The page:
So, here’s a question I get asked more frequently than you can imagine. “You were vegan, now you’re not, so… What do you eat now?”
Or, actually people tend to ask, “What category does your diet fall into now?” Since I called myself “vegan” for so long, people in my life – both blog life and personal life – have been very used to associating me with a very certain type of diet.
Even I was very used to it! It certainly makes things easy at restaurants. “I’m vegan, so I can’t have any animal products or any animal byproducts.” That was always one of my favorite parts about being vegan. I liked the fact that the label made everything easy. Instead of my previous, “Oh, oil bothers my stomach…. And so does dairy, wheat, caffeine, and refined sugar… and I also don’t eat red meat, but occasionally I will eat some poultry,” etc. I was finally able to drop one word and people suddenly respected my eating choices more than ever before.
They may not have understood them, but they did respect them. People tend to associate vegans with having legit reasons behind their veganism, so they don’t mess with their food or try to get them to try things that don’t fall under the vegan label.
Disassociating from that vegan label was hardest for that reason… immediately I felt like, “What am I if I’m not vegan?” I was tempted to say I was “vegan plus fish and eggs” for a while, and then “vegan plus fish, eggs and chicken,” and thennn I tried to drop the V-word as a whole but adopted dairy-free, gluten-free, refined sugar-free, oil-free, etc. in its place.
Then I read a really frickin’ amazing article by Kelsey Miller of the Anti-Diet Project. Kelsey wrote about eating disorder language and how prevalent labels are in eating disorders and in recovery. She mentioned me in her story, and the fact that I had to adopt one label (orthorexic) to get rid of the other (veganism), and how at the beginning stages of my recovery that orthorexic label was (and still is) extremely important.
(Photo Credit: Reinfery29.)
Well, Kelsey’s article got me thinking. We sure like to hold onto labels. They make us feel nice. They wrap our feelings up into a cozy little box and allow them to sit there untainted from the world. The nicest thing about labels? You don’t really have to do any work when you’re in a box, and you certainly never have to even thiiiink about change.
At that point I tried to drop any and all labels and restrictions that I had around eating. And let me tell you, that process certainly didn’t happen overnight. It’s something I had a very strong grip on for quite some time, so naturally I am still struggling with it every day and am trying to ease that grip little by little.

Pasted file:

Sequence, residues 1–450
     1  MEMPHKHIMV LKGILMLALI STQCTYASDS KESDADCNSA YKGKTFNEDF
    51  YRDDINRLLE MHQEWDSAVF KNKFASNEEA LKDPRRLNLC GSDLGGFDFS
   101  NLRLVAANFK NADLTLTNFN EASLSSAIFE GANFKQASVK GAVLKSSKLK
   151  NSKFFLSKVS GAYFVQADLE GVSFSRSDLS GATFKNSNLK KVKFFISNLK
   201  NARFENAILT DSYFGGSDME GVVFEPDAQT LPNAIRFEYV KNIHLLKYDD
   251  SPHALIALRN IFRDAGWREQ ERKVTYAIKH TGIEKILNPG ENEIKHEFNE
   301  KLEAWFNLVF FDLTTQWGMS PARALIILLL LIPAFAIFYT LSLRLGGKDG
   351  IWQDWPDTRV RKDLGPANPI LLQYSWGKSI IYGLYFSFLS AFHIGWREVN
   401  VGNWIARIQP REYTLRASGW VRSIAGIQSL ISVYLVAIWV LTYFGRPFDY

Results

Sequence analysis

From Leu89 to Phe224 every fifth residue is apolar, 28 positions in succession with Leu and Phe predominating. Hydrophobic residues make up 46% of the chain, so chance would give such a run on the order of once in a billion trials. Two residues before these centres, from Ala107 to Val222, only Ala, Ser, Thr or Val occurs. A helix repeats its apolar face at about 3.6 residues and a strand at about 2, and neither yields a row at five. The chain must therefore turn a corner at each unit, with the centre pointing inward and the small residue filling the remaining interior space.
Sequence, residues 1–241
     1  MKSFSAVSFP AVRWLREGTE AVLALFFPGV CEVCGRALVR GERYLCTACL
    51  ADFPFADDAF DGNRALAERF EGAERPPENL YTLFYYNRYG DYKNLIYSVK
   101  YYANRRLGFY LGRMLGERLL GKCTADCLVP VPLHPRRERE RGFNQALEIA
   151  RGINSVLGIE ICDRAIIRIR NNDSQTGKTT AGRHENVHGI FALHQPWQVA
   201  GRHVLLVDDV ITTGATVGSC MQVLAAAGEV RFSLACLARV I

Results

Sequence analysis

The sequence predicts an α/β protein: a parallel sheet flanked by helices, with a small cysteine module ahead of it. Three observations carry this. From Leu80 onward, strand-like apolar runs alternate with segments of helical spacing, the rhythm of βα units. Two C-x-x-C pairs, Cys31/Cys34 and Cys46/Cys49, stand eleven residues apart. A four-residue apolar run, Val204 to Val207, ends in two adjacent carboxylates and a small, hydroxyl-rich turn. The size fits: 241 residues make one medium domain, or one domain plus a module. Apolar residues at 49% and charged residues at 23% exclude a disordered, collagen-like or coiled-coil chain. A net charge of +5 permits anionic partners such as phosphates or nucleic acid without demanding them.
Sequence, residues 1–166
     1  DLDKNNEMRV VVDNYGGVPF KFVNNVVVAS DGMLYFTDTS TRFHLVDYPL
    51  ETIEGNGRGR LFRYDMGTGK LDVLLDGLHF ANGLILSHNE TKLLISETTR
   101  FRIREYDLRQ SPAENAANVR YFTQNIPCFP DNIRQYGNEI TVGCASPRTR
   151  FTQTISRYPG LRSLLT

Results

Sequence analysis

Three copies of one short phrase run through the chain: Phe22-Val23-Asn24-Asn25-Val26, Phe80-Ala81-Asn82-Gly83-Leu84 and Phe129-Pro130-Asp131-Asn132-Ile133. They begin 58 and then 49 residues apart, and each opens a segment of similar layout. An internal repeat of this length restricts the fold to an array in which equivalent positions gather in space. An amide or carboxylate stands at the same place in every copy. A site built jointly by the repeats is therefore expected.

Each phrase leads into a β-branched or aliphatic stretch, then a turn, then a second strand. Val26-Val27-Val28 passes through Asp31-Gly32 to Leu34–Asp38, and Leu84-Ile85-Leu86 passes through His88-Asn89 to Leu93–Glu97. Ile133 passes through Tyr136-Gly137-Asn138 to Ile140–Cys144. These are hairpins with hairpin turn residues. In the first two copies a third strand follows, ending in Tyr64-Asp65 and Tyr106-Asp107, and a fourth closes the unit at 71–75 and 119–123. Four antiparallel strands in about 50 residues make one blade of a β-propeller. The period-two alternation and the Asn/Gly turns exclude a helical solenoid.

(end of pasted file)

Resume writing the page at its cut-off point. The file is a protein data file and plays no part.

So now when people ask me: “What category does your diet fall into?” I say (longwindedly, but still): “NONE!”
Then I go on to explain how putting myself into a box by labeling my diet has not been good for my psyche, and how I don’t believe labels are good for anyone’s psyche. Especially those who are susceptible to eating disorders.
If you let yourself live your life, eat the foods you crave and the foods that you know make you feel good, you are doing something very, veryyyy special that I wasn’t allowing myself to do for a long time. You know what that is? TRUSTING YOURSELF. You are allowing yourself to have the freedom and power to make your own decisions, and you’re not letting some silly rulebook do the thinking for you.
There are no off-limits foods to me anymore. That is a huge, huge deal, because for many moons I had a MUCH higher percentage of off-limit foods than foods that were “okay.” It is still a trip to wrap my head around it… looking a menu and being like, “Holy cow! I can eat just about anything I frickin’ want on here,” feels so out of my comfort zone it’s insane.
I still eat a very healthy diet. I’m not saying I’ve gone hog wild eating pizza, chips, ice cream, and cookies every day, but if I wanted to, I WOULD. Because I know if I was truly, truly trusting myself, I would probably only do that for a day or so and then even it out with healthy eating the next day. Our bodies don’t crave crap, it’s not real food, they crave good food from the earth that fuels us and makes us feel GOOD.
What I’m doing now is refusing to deprive myself. It’s liberating, it’s fun, and it feels amazing. I feel like a brand new person. This weekend I had frozen yogurt (!!!) for the first time in two years, and I tried my hardest not to stress while eating out all weekend because my mom was in town. Like I said, it’s not an overnight transformation, but I am getting there.
I ate this super delicious quinoa salad with chicken from Wood Ranch at The Grove on Saturday… a restaurant I would have gotten serious anxiety about going to a few months ago.
And… this is me sipping on an iced almond milk mocha with dinner on Saturday night. ALMOND MILK MOCHA?!?! Who, me? Yes! Another thing I never, everrrr thought I would have again. And it was so satisfying and totally hit the spot.
So now I eat whatever the heck I want, but in moderation. I don’t go near processed foods because I don’t even like them and I never want them. I don’t eat red meat or pork because I don’t enjoy it and it doesn’t make me feel good. Everything else is fair game, and I am trusting my body to continue allowing myself to play around with this fun new lifestyle.
Thoughts on a label-free lifestyle?! How you DO eat that makes you feel best?